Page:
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Introduction
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11 Math & Trig Functions This is the final chapter dealing with DAX functions and formulas It deals with the Math & Trig functions However, you won t find any trigonometric functions, as such expect these to appear in a later version of PowerPivot for Excel Some of the functions, for example, EXP() and LN(), are probably for specialized use only However, many of the others are going to be very popular particularly, the eight functions devoted to rounding numbers SUM() and SUMX() are Math & Trig functions, although they have much in common with the Statistical functions as well They were both covered in an earlier chapter on aggregate functions (that is, Statistical functions with SUM() and SUMX()), but are mentioned here again for completeness In any case, SUMX() is worth a second look, as it s going to be very useful in many BI situations
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Part III: PowerPivot and DAX Applied
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12 A Few Ideas: PowerPivot and DAX Solutions The real world is the real world Software, and books about software, can only give you out-of-the-box solutions easily Real-world solutions require a bit more work This chapter presents a few ideas for moving beyond out-of-the-box answers It is all about implementing PowerPivot and DAX to deal with common business problems The three appendixes that follow this chapter have a narrower focus: how to write SQL, MDX, and DMX queries for assembling data in your PowerPivot model In contrast, this chapter is more concerned with using DAX and the PowerPivot GUI to provide solutions, once you already have the data in place That said, there is a little on importing data to address the problem of working effectively with dates and dealing with self-joins Working with dates can lead to a number of problems some of these are addressed here There are also a few classic BI solutions in this chapter percentage of total and subtotal, running totals, changes over time, moving averages, suppressing totals for nonadditive numbers, dealing with semi-additive numbers, customizing DAX formulas for individual rows or columns, predefining filters, predefining Column Labels and Row Labels with named sets, working without pivot tables, sharing your pivot reports with others through SharePoint, and a few other things
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Part IV: Appendixes: Queries for PowerPivot
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Appendix A SQL Queries for PowerPivot This is a short appendix It s aimed at those readers who need a brief introduction to SQL, with some basic syntax examples We also discuss the reasons for writing your own queries to import data into PowerPivot, rather than simply importing complete tables A few query fundamentals are covered: filtering, sorting, grouping, and denormalizing data with joins and self-joins There are also examples of using a stored procedure and writing SQL against Excel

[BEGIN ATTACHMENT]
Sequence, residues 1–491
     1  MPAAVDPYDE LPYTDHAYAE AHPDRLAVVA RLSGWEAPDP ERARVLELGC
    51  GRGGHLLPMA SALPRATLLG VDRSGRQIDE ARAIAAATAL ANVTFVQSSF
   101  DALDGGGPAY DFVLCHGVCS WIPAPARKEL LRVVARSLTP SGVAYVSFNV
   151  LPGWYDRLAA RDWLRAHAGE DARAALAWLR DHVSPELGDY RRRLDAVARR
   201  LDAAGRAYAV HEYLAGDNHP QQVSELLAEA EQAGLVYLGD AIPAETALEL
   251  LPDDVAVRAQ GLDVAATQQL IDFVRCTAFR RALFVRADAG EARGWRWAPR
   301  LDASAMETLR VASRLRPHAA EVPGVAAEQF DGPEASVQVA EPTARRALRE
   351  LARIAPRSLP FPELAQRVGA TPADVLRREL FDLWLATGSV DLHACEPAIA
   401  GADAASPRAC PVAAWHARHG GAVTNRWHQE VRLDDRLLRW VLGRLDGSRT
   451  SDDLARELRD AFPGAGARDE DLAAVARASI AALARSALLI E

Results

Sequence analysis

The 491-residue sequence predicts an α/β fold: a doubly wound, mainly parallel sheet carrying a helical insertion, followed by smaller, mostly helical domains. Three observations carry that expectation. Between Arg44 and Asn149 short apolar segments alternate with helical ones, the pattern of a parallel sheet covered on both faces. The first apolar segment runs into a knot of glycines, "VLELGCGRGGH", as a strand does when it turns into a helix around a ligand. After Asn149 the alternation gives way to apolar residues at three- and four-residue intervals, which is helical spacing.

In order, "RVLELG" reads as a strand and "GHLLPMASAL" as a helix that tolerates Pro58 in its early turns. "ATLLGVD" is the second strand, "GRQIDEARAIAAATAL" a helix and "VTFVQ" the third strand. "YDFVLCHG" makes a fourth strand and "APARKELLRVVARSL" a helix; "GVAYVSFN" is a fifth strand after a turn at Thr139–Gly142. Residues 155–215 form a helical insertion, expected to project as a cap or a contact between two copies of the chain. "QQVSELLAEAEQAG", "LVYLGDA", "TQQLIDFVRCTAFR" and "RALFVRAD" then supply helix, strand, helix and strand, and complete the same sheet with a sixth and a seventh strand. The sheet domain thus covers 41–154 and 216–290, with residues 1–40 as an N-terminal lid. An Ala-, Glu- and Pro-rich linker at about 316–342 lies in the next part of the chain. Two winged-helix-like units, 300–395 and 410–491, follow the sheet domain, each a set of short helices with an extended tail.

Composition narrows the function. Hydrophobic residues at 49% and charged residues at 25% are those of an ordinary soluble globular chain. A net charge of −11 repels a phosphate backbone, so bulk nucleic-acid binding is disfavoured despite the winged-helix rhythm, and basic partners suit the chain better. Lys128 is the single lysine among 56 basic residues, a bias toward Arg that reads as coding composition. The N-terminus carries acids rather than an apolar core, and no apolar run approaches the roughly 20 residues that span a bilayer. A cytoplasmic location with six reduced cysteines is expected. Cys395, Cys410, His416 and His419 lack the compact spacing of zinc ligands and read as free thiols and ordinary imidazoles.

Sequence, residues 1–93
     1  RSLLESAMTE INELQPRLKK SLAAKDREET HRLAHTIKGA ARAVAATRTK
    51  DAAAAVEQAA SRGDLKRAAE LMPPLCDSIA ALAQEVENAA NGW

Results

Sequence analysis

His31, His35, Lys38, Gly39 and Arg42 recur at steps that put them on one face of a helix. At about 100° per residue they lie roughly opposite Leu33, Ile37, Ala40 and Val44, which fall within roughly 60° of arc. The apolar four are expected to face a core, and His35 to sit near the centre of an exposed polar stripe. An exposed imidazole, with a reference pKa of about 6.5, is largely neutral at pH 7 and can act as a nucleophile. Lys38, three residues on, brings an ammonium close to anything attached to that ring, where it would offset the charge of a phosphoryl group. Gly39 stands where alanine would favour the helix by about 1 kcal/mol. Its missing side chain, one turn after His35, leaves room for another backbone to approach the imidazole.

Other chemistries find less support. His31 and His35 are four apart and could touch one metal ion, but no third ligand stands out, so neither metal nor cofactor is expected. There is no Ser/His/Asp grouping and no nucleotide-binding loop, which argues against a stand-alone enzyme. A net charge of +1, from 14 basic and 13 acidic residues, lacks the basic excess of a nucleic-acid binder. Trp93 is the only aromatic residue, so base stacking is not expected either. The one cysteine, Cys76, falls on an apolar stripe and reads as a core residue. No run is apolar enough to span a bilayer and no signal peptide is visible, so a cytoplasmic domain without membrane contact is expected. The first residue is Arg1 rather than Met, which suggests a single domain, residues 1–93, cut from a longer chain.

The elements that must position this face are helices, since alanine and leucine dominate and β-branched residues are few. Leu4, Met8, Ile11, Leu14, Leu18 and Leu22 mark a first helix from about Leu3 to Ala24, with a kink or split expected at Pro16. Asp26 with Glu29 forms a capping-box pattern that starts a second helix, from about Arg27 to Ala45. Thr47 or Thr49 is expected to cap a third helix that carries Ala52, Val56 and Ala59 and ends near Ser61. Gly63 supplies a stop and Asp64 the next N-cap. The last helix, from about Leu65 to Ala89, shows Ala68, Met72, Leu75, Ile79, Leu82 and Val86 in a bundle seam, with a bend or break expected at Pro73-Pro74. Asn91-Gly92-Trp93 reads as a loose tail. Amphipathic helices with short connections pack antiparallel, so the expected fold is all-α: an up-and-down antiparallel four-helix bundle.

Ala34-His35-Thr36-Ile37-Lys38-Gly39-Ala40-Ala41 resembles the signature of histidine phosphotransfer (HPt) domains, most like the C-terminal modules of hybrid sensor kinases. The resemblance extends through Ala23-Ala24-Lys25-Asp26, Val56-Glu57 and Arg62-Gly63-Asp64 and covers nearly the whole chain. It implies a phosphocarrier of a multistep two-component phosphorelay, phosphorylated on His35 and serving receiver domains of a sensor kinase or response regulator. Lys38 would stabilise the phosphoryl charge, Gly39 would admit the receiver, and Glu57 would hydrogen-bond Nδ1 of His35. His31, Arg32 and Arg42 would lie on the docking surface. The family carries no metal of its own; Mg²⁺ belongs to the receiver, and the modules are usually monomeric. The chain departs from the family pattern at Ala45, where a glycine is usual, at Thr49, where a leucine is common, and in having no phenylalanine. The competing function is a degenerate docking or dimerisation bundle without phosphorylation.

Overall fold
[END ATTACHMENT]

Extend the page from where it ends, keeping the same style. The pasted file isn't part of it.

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Prac tical PowerPivot & DAX Formulas for Excel 2010
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Appendix B MDX Queries for PowerPivot MDX (MultiDimensional eXpressions) is a very powerful query language for extracting data from cubes While PowerPivot can generate sophisticated MDX for you, you may want the total control that writing your own MDX gives you You can use MDX to import from either an SSAS cube or a PowerPivot model that has been published to PowerPivot for SharePoint This appendix demonstrates some of the fundamentals of MDX It also shows how best to adapt your MDX for PowerPivot Appendix C DMX Queries for PowerPivot You may have SSAS data mining structures and data mining models You normally query these objects using DMX (Data Mining eXtensions), perhaps from SSMS (SQL Server Management Studio) or from SSRS (SQL Server Reporting Services) Although this release of PowerPivot supports the graphical design of SQL and MDX queries, it does not support the graphical design of DMX queries You can, however, write your own DMX You do so by connecting to an SSAS source and entering the DMX into the MDX Statement area of the Specify a MDX Query dialog, in the Table Import Wizard Another way is to embed your DMX query within a SQL query and import the data returned from the outer SQL query To do that, you connect to a SQL Server source and enter the SQL/DMX into the SQL Statement area of the Specify a SQL Query dialog of the Table Import Wizard Alternatively, you can query some data mining data from Excel itself for this you will need to download the data mining add-in for Excel (the data mining results are shown in an Excel worksheet when you use the Table Tools/Analyze ribbon, rather than the Data Mining ribbon), and you can then import or link into the PowerPivot window from the Excel worksheet Stand-alone DMX, or DMX embedded in SQL, works for DMX Cases, Content, Prediction and other queries This appendix includes sample code for a few Cases, Content, and Prediction queries
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